Connor: So to that end, on the show notes page for today, we will link to some resources about John Taylor Gatto link to some of his books. so head to Tuttletwins.com/products or excuse me slash podcast. You can also go to slash products and buy more Tuttletwins books if you’re missing any, but slash podcast, check out the show notes page. We will also link there to a book that I wrote, John Taylor Gatto actually wrote the forward for this book, called Passion-Driven Education. And, this is about my journey through education. But then more importantly, and that’s only a brief part at the beginning, but then we get into how true education works, how we can honor the individuality of each child and build an education around each child’s interests, because that’s how we all learn. And so we need a educational approach that is adapted to each child. And rather than this one-size-fits-all, system where every child has to learn the same thing at the same time, that just is insanity in my opinion, having gone through it and not wanting my children to go through it. So head to the show notes page, check out Passion, driven Education. In that book, I share one of the stories I found so interesting,  this valedictorian, which means that she was like top of her class in high school, graduating high school, with top grades and everything else. Her name is Erica, and she was valedictorian about a decade ago in New York. And so she stands up at the graduation ceremony and you know, in front of her is all her other, peer, high school seniors who are all graduating parents, you know, family members, everyone. And then behind her on stage is all of the, you know, the principal, the administrators, the teachers, all the people responsible for, you know, the education. And if you think about our education vacation book and that drawing Elijah did, right, it’s all about the kind of grade that the factory product is given, right? The story in the book starts out talking about food and how food is graded and labeled based on its quality and how we do the same thing in this factory model of schooling, that is done today. And so here’s Erica the valedictorian top of her class. She’s clearly grade A, she’s clearly like the supreme product of the public schooling system, which is why she’s valedictorian. So she proceeds to say in her remarks, and for those of you who have or get passion-driven education for the parents, you’ll see more of this story. But she proceeds to say, I’m terrified. I have no idea what I want to do with my life. I saw schooling as kind of its own purpose. I did every extra credit I could, every assignment. I tried to get perfect grades while my friends were, you know, doodling in class to later become an artist or, you know, tapping on the desk and, being distracted playing music in their head to later become a musician or to be, you know, playing video games instead of doing homework to become a video game developer. While my friends, she says, I’m summarizing here, while my friends were finding ways to focus on their own interests and what they wanted to do in their life, she said, I have no clue what I wanna do with my life and I’m really nervous. And so here was this girl who was just stuck on the conveyor belt, right? This is the grade a product of the system. She gets to the end of the conveyor belt. And rather than like a shining example, she’s actually like, what, what? Now? Like, I don’t know what I want to do and I have no interests because school was her interest and now school was done. And, so it’s really interesting to me to see what John Taylor Gatto said and recognize that the exact warnings he gave about the kind of modern American schooling system he here in this one example, we see those, those exact warnings play out.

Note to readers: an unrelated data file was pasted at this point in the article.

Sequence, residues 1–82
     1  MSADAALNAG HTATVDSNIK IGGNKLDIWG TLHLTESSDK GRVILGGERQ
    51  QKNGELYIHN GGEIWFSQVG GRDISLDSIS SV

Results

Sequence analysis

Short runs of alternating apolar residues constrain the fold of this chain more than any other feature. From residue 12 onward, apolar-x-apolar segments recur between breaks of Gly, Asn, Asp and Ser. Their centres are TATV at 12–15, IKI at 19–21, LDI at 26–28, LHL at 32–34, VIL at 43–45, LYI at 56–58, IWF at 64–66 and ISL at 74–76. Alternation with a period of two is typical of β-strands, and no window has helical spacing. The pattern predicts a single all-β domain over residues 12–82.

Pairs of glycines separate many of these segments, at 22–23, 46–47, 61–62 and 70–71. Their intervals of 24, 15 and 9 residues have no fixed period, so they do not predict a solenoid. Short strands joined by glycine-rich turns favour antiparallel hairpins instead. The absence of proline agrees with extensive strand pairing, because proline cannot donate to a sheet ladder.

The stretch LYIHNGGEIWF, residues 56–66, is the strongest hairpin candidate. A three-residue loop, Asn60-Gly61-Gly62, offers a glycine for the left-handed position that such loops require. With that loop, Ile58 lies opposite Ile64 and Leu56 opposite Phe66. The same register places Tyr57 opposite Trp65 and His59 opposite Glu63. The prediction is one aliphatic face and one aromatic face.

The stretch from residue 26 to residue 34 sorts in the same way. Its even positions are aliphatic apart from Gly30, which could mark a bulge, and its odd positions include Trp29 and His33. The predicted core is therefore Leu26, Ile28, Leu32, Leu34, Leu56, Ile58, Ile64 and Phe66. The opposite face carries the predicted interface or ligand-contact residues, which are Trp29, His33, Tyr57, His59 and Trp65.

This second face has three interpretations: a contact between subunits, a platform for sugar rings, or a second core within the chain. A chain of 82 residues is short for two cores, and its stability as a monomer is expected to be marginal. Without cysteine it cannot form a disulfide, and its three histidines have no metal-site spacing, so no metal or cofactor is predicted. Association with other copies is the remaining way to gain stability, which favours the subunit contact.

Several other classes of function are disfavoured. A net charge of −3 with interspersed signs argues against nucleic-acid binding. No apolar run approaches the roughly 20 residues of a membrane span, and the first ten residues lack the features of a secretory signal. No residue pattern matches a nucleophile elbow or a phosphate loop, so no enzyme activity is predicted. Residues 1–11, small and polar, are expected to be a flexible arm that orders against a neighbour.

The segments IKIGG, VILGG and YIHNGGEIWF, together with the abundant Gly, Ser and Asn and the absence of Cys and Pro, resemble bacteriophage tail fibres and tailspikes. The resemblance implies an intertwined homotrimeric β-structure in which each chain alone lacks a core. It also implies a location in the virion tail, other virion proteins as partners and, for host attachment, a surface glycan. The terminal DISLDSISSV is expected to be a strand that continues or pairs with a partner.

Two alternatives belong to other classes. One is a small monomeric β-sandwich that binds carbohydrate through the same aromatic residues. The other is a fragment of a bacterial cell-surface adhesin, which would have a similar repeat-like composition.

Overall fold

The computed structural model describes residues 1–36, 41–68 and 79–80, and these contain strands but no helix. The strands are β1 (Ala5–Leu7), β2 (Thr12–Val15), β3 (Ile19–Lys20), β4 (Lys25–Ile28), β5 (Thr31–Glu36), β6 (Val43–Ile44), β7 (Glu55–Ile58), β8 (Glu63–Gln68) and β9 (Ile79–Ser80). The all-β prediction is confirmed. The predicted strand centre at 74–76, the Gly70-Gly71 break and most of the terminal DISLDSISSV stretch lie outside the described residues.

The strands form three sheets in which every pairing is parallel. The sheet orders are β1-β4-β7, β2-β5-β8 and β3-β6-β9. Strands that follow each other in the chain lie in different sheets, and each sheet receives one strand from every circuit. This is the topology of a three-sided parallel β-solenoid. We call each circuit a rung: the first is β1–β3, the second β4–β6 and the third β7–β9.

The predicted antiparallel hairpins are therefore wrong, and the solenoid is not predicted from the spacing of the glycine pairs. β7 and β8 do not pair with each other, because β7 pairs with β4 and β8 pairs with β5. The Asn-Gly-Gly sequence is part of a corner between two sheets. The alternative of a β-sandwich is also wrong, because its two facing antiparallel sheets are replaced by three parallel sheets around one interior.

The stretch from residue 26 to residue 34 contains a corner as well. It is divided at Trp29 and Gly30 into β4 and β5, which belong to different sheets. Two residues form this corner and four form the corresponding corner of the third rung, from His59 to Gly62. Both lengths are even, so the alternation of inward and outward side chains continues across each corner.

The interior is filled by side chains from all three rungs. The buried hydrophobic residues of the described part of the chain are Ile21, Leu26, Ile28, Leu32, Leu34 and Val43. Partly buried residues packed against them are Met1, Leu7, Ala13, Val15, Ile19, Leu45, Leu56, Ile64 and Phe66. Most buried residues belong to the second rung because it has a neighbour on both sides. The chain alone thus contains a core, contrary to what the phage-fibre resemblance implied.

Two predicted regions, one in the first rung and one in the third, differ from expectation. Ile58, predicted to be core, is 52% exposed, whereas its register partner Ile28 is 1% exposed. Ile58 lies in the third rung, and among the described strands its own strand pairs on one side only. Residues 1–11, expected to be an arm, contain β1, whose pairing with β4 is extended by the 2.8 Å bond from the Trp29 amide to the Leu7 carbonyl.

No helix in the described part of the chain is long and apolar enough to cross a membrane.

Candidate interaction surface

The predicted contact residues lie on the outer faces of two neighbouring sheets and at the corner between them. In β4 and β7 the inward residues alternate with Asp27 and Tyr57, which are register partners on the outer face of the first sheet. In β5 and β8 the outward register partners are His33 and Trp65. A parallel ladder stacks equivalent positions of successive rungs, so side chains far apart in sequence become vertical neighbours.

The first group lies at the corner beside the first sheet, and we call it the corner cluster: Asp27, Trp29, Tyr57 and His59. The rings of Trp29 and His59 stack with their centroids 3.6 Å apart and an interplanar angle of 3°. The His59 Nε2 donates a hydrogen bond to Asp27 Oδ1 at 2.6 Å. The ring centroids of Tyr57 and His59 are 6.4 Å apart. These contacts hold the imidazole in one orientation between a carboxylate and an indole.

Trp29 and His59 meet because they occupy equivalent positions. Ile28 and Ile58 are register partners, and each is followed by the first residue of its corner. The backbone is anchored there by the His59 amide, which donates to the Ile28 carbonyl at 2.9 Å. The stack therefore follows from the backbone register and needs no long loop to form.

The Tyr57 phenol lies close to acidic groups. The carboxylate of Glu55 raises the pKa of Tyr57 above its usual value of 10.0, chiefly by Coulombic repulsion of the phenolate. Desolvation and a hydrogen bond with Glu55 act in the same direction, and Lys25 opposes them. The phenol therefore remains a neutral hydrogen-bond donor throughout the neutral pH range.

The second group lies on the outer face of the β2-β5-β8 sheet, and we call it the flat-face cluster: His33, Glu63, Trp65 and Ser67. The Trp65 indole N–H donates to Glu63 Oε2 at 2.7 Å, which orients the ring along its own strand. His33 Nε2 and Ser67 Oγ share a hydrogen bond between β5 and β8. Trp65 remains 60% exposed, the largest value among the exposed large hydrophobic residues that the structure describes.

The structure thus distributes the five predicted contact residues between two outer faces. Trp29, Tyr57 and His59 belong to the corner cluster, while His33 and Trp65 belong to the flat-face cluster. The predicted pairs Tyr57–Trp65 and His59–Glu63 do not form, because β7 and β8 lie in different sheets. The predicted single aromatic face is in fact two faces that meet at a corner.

Brittany: Well. And I think you and I have both had the same experience, right? Where I don’t feel like I was given an individualized approach to education if I was told, you know, I got to write a little bit cuz you had writing class. But like you said, when the bell rang, I had to switch gears and go to another assignment. So I know I personally think I would’ve benefited from, a model where, where I get to explore different talents. You know, I like to sing maybe instead of just having 20 minutes once a week for quire, if I was able to do that and learn music theory, you know, during class, but I didn’t get that option. So right now you don’t have an individualized approach to education and then what you’re all gonna come out with the same skills. Like what, value can you create with that? And you know, we say college can help you with that, but you and I both know that that’s not always the case either. So we think it’s really tricky, but I think it’s, really important to understand where these problems came from because like you said, identifying the problems are going to help us find solutions. So it’s not about honing in on, oh no, this is so bad, it’s what are we going to do now?

Connor: That’s exactly right. Well guys, head to the show notes page, Tuttletwins.com/podcast. You can check out some of these resources, learn a little bit more. sadly, John Taylor Gatto passed away not too long ago. after kind of some health challenges. we were planning on doing a TuttleTwins book based on one of his books later on in a year or two or three. But after he passed away, we decided to kind of accelerate it, move it to the top of the list. and so he passed away, you know, just, some months before we did the twins books, kind of in his honor, to kind of, continue his legacy and these ideas. and so very exciting that we can honor him, and, keep those ideas alive. So head to the show notes page. Thanks as always for subscribing. Keep on listening. Hope you guys are having a lot of fun. And until next time, Brittany, we’ll talk to you later.

Brittany: Talk to you later.